Steinmetz & Hermann, “Wintricher Geierslay” Riesling Kabinett
Steinmetz & Hermann, “Wintricher Geierslay” Riesling Kabinett

Steinmetz & Hermann, “Wintricher Geierslay” Riesling Kabinett

Mosel, Germany 2018 (750mL)
Regular price$30.00
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Steinmetz & Hermann, “Wintricher Geierslay” Riesling Kabinett

Anyone who ignores a wine for having a bit of residual sugar obviously hasn’t been introduced to a classic, impeccably balanced Mosel Riesling, and those who haven’t been truly moved by one certainly haven’t tasted today’s five-year-old Kabinett from “Dream Team” Stephan Steinmetz and Christian Hermann.

This perfectly mature Riesling treasure is sourced from world-famous “Geierslay,” one of the timeless, should-be-Grand Cru vineyards of the Middle Mosel. It is both complex and highly addicting, offering up that mouth-watering feeling of biting into a juicy heirloom peach, plus an energizing and slate-infused streak of acid and savory minerality. For Riesling fanatics like myself—those who crave the flawless harmony of electric acidity and succulent fruit—this is among the best breakout/standout deals you can find. It’s also the last time you’ll find it: Barely 300 cases were initially produced, and we’re offering the final few that remain from the glorious 2018 vintage. Enjoy while you can!

The 2018 Wintricher Geierslay Riesling comes from the third vintage of a collaborative project between Steinmetz and Hermann, who connected over their mutual admiration when they met in 2014. Hermann, who learned under German legends like Dr. Loosen, JJ Prum, and Willi Schäefer, was impressed by Steinmetz’s prowess in the cellar with dry-leaning Riesling, while Steinmetz coveted the exceptional fruit from Hermann’s ancient-vine Ürziger Würzgarten vineyard. The partnership was ideal for the pair of like-minded vintners. It kicked off with just a single bottling of old-vine Würzgarten Riesling and has since expanded to include a Pinot Noir, as well as this Kabinett from Steinmetz’s Wintricher Geierslay site—a vineyard which kicks the tropical, citrus, and stone fruit flavors up several notches.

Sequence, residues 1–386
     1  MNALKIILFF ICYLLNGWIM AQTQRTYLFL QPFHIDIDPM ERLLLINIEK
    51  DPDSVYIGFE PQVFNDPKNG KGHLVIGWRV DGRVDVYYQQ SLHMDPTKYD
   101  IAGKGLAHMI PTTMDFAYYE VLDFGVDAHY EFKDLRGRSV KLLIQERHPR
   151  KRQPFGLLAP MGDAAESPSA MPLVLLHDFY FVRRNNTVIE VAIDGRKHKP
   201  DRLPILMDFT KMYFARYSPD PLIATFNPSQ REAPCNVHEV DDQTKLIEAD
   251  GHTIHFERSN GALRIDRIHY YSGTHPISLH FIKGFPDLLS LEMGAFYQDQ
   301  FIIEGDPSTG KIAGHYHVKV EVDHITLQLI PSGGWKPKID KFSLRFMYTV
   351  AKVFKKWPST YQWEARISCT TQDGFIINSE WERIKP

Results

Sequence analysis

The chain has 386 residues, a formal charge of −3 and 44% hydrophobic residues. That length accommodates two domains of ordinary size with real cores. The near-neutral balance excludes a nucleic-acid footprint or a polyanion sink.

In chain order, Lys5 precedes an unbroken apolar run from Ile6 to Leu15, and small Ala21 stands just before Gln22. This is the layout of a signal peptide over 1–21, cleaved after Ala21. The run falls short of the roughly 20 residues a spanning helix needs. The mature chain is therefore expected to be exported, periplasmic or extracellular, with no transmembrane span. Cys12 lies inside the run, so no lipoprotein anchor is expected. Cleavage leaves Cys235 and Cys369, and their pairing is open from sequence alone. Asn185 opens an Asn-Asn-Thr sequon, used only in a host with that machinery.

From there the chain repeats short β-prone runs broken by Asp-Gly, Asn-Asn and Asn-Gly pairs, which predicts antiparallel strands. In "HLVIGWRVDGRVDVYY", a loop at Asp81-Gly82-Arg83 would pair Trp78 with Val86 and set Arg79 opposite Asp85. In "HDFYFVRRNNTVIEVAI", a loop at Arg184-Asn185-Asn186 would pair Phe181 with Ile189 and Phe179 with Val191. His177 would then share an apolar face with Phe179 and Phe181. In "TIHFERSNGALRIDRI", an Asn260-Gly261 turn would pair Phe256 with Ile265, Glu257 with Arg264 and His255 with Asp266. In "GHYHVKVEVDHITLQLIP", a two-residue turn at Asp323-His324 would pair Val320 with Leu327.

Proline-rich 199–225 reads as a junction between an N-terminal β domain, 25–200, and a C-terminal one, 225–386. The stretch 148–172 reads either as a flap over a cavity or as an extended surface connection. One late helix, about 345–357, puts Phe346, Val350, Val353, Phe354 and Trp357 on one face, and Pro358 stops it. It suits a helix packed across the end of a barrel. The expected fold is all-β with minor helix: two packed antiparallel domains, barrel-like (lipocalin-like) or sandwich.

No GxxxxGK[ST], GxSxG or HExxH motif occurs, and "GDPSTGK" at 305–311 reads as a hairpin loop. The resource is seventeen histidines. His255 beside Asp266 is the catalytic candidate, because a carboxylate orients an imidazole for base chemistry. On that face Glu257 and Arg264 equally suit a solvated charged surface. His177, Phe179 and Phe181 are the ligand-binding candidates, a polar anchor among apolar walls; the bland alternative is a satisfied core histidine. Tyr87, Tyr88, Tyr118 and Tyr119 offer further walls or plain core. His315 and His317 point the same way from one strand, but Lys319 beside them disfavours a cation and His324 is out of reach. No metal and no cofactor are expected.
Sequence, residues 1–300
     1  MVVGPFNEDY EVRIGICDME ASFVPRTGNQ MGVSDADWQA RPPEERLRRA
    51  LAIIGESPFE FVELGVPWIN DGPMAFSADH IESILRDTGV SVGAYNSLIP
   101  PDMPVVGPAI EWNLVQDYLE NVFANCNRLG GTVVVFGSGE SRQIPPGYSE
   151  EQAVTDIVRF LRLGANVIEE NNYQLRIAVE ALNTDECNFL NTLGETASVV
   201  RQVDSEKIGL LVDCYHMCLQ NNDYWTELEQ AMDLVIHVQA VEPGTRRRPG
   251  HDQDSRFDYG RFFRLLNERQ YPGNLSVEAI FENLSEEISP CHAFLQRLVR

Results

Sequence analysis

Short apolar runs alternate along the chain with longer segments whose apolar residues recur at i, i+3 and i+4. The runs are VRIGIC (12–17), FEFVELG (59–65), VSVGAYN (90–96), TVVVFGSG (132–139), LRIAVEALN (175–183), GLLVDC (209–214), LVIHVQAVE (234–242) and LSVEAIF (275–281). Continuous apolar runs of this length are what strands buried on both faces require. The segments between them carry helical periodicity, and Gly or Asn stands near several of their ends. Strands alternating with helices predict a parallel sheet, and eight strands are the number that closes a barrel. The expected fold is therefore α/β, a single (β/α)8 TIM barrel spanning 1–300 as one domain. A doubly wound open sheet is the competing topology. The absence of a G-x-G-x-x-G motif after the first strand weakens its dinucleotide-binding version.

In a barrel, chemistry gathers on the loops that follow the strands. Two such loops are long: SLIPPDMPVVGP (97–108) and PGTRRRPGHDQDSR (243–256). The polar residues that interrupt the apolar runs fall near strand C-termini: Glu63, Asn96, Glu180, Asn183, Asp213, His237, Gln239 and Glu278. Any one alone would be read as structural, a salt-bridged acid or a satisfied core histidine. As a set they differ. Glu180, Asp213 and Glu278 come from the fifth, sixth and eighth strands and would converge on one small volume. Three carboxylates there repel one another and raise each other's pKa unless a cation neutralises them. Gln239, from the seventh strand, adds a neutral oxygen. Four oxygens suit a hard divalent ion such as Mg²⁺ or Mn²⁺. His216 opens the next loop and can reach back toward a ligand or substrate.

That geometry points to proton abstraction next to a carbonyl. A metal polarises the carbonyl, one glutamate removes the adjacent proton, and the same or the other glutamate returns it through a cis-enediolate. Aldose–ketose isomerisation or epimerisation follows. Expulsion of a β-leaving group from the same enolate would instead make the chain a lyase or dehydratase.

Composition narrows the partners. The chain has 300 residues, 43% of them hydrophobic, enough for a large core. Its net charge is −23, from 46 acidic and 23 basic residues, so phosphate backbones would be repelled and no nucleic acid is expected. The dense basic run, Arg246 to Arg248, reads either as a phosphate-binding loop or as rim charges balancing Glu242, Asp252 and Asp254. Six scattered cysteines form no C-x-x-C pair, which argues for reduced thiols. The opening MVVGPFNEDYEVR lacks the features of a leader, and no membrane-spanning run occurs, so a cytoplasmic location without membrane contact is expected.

Located within the town of Wintrich, the dramatically gorgeous Geierslay vineyard holds a complex mosaic of blue and purple slate laced with ample quartzite, which lends pronounced elegance and beauty to its wines. Plus, a south-facing aspect encourages ripe, concentrated fruit that offers early-drinking appeal. For Steinmetz and Hermann’s 2018, grapes are picked at that just-right Kabinett-designate moment when sugar and acid have reached their ideal counterbalance. In the cellar, a stainless steel fermentation and expedient bottling allow the wine to maintain delightfully youthful freshness. Although Kabinetts have the shortest vine hangtime of the German Prädikatswein levels, trust us when we say this Riesling hangs with the best of them.

At five years old, this still opens up a touch reductive so either splash decant or give it several vigorous swirls before consuming. In an all-purpose stem around 45 degrees, a tidal wave of mouth-watering fruit rushes forth from this aromatic wine: crunchy green apple, candied lime peel, lemon curd, ripe melon, mango peel, and luscious peach—but before it has a chance to become cloying, a wave of crushed minerals roar in to freshen things up, with lemongrass and petrol wafting alongside. Although residual sugar is present on the palate, the searing acidity here cuts this wine like a knife carved from stone. All of the enticing flavors carry through to a strikingly long, fully satisfying finish that instantly causes your mouth to water. Serve it now at about 45-50 degrees in a white wine glass, or, if you’re so inclined, age it another five years. At this price, both options are easily doable. Cheers!

Steinmetz & Hermann, “Wintricher Geierslay” Riesling Kabinett


Western Germany


The Pfalz is Germany’s second-largest wine region (behind Rheinhessen, which it borders to the south). The vineyards are situated between the thickly forested Haardt Mountains and the western bank of the Rhine River, with soils that are rich in loam mixed with sandstone, loess (wind-blown silt), and chalky clay.

Western Germany


he Rheinhessen is Germany’s largest-production wine zone and, in comparison to some of the dramatic valleys further north, is a more open landscape of gently rolling hills.

Western Germany


The Saar River is a tributary of the Mosel (and in-cluded in the broader “Mosel-Saar-Ruwer”) PDO designation with vineyards perched on steep slopes of blue Devonian slate. The rocky soils and cool temperatures of these northerly valleys produce Germany’s most chiseled, high-acid  styles of Riesling.

Southwestern Germany


Baden, Germany’s southernmost wine region, has a long history with the “Pinot” family. The region’s vineyards were planted by the same Cistercian Monks who established Pinot Noir in Burgundy. Bordered by the Rhine River and the Black Forest, Baden has diverse soils—everything from loess (silt) to volcanic tuff to limestone, the most prized Pinot Noir soil of all.

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